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In their own Words (and Pictures…)

Charleston SC is a city practically devoid of street art. There are a few official murals.

To find graffiti you have to scout the outlying areas, and even then the results are meager, hidden behind empty malls and off traffic arteries.

What you can spot in the city is small and unobtrusive.

The occasional writings in shop windows or on banners are supposed to be funny, I let you be the judge.

I was puzzled by this since I associate the East Coast with a lot of tagging activity and some really cool art works, in Miami in particular. Good weather leaves the stuff intact.  Not here, though.  And with these few exceptions, not political.


Luckily, there always photography….


A Walk on the Beach

The price you pay for traveling with your mother – or the adventures you experience, depending on perspective – is guaranteed to include visits to art museums, cemeteries, botanic gardens, explorations of graffiti  and the beach. And the occasional detour, if your mother is Frau Heuer.

The beaches around Charleston are diverse, and pretty empty during the winter. I presume during the  summer they are a zoo.

Beach towns vary. There are upscale neighborhoods (Isle of Palm), where the degree of wealth can be inferred from the car models rather than expressions of taste.

There are rather seedy neighborhoods (Folly Beach), which reminded me of spring break scenarios, minus the drunken crowds, given that it was December.


And then there are nature trails leading to somewhat hidden beaches, good for long walks and conversations;

the topic this time centering around race, as you’d predict. We would laugh around tidbits like this one:

In Search of the Black Confederate Unicorn

and think through issues of reconciliation (a topic I plan to explore in more depth at some future point here – I think it would be interesting to look at the various ways across time and places that people tried to come to terms with prior injustice.) For now, let this link with a conversation between the descendants of Dredd Scott and those of the other side be food for thought:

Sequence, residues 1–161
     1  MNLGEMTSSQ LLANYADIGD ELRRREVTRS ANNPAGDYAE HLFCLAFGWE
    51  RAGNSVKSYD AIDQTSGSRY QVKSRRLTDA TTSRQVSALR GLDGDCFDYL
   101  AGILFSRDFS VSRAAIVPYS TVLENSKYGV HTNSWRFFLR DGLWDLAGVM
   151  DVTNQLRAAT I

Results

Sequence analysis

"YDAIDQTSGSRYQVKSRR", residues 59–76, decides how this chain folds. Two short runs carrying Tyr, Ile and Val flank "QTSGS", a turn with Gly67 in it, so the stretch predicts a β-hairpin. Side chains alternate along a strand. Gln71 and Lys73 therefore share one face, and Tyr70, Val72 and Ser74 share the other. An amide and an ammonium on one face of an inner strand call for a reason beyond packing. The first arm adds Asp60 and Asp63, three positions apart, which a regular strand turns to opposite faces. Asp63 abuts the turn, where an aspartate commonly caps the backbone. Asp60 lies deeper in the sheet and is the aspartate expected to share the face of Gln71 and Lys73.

And speaking of food: the nice thing about traveling with your mother is that there is always a good meal guarantied.

With the appropriate drinks  

mystery deserts, refusal of  pumpkin spice

and strangely named waiters…


Magnolia Plantation

Gone with the Wind was a book that I devoured as a tween, blissfully oblivious to the historic context and fully caught by fantasies of emulating Ms. O’Hara.  Neither Wilkes nor Butlers in plain sight as love interests for this 12-year old, alas. I should have visited Magnolia Plantation then, my ignorance of slavery a shield against conflicting feelings.

The plantation was founded in 1676 by the Drayton family, and continually held and expanded by them, with wealth from slave-produced rice crops. I did not visit the slave cabins, which were in use from early on until 1990 (!) and only have been subject to historic protection for the last 5 years.

I focused on the gardens which are astonishing, even in winter. Again, the dialectic of suffering and beauty seems a Leitmotiv in my S.C. sojourn. The man who created the gardens at the beginning of the 19th century had unexpectedly fallen into the inheritance of the plantation at age 22; he really wanted to pursue his career as a minister, a devout man. He also saw his Philadelphia bride languish for home and tried to cheer her with the gardens. He was the first to bring azaleas to the country and cultivate camellia Japonica for southern climes. A good guy, in essence, deeply anchored in a love for God and nature – and a slave holder.

The plantation suffered from the losses in the civil war and opened up, thus able to survive, its gardens to the public in the late 18oos. In our century the Audubon Society is also represented, having created a swamp walk of breathtaking beauty, where you practically stumble over the wildlife.


The slaves and their descendants were buried in the swampy woods. 

The Draytons were by marriage related to the Grinkés, an elite Charleston family that produced two of the most remarkable women the South has ever seen. Born among 13 children into a rich, pro-slavery household, their father a Supreme Court Judge, Sarah and Angelina both escaped Charleston around 1820 to become Quakers in Philadelphia and start careers as abolitionist writers, thinkers and lecturers. The older one also became a feminist and tried to test the 15th amendment (allowing men of all races to vote) by trying to vote when she was almost 80 years old. Contrast here, too: the abolitionists welcomed women among their brethren but the moment these started to argue for women’ rights they were told to let go and were actively oppressed.

The 19th amendment to the U.S. Constitution was eventually ratified in 1920, giving women the right to vote after a 72-year struggle. 6 months earlier, the League of Women Voters was founded during the convention of the National American Woman Suffrage Association. A good thing, one might think, but also riddled with complications: it has been argued that the women’ right to vote was needed to counterbalance the rights granted to Black men and that the suffrage movement discriminated strongly against their Black sisters. Link below gives a short summary of the claims: